Williams, CA; Reichstein, M; Buchmann, N; Baldocchi, DD; Beer, C; Schwalm, C; Wohlfahrt, G; Hasler, N; Bernhofer, C; Foken, T; Papale, D; Schymanski, S; Schaefer, K: Climate and vegetation controls on the surface water balance: synthesis of evapotranspiration measured across a global network of flux towers, Water Resources Research, 48, W06523 (2012), doi:10.1029/2011WR011586

The Budyko framework elegantly reduces the complex spatial patterns of actual evapotranspiration and runoff to a general function of two variables: mean annual precipitation and net radiation. While the methodology has first-order skill, departures from a globally averaged curve can be significant and may be usefully attributed to additional controls such as vegetation type or temporal distribution of rainfall. This paper explores the magnitude of such departures as detected from flux tower measurements of ecosystem-scale evapotranspiration, and investigates to what degree they can be attributed to site characteristics (biome, seasonal rainfall distribution, and frozen precipitation). The global synthesis (based on 167 sites) shows smooth transition from water-limited to energy-limited control, broadly consistent with catchment-scale relations and matching the functional form proposed by Budyko, and explaining 62% of the across site variation in evaporative index (the fraction of mean annual precipitation consumed by evapotranspiration). Climate type and vegetation type act as additional controls, and combine to explain an additional 13% of the variation in evaporative index. For example, warm temperate winter wet sites (Mediterranean) exhibit a reduced evaporative index, 9% lower than the average value expected based on dryness index, and implying elevated runoff. We found that evaporative index is largely insensitive to the fraction of precipitation that is frozen. Seasonal hydrologic surplus explains a small but significant fraction of additional variance in departures of evaporative index from that expected for a given dryness index, particularly for sites with a Mediterranean-type climate. The most surprising result is that grasslands, on average, have a higher evaporative index than forested landscapes, with 9% more annual precipitation being consumed by annual evapotranspiration in grasslands compared to forests. In sum, the simple framework of supply- or demand-limited evapotranspiration is supported by global FLUXNET observations but climate type and vegetation type are seen to exert sizeable additional controls.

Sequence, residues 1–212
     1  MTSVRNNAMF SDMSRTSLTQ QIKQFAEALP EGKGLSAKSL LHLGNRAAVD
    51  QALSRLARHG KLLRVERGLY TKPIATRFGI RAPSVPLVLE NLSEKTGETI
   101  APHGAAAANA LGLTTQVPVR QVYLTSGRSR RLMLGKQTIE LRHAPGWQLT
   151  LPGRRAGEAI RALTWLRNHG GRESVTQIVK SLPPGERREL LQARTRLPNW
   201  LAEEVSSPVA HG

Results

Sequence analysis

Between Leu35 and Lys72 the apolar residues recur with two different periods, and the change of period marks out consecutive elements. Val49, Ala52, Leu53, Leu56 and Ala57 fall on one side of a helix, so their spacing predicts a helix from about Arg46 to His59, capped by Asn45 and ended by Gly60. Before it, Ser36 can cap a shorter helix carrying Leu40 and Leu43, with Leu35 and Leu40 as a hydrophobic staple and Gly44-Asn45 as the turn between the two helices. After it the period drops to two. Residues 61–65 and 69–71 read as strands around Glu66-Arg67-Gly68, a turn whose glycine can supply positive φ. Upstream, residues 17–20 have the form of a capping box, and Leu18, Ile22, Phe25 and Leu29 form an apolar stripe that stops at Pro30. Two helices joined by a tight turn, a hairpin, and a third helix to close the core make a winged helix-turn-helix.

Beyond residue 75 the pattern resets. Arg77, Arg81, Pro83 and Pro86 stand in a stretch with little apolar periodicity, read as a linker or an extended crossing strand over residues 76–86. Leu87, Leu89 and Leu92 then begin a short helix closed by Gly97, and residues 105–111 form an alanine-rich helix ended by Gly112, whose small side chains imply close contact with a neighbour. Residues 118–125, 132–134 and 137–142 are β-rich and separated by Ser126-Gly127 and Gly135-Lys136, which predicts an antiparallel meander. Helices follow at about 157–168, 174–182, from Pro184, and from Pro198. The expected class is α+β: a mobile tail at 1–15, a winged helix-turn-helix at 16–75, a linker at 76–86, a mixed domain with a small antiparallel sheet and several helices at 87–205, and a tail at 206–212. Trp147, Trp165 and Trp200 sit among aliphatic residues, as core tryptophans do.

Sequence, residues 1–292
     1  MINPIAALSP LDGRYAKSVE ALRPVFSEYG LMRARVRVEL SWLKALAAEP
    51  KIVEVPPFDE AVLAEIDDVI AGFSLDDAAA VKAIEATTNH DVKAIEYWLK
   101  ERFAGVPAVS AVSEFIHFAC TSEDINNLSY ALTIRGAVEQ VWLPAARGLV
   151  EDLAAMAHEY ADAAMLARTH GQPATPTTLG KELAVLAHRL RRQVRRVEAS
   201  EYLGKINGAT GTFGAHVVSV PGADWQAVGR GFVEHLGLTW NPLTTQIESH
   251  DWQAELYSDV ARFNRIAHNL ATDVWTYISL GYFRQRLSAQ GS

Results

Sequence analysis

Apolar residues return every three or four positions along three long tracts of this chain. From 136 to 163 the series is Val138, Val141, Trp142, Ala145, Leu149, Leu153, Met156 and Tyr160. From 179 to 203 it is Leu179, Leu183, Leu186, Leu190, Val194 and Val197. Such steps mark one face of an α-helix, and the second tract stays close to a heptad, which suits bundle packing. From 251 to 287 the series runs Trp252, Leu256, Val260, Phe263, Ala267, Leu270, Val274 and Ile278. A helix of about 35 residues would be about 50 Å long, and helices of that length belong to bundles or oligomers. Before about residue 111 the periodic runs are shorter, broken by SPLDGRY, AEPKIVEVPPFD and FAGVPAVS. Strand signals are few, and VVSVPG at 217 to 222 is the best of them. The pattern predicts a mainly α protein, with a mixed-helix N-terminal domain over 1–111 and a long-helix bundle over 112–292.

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last modified 2012-06-24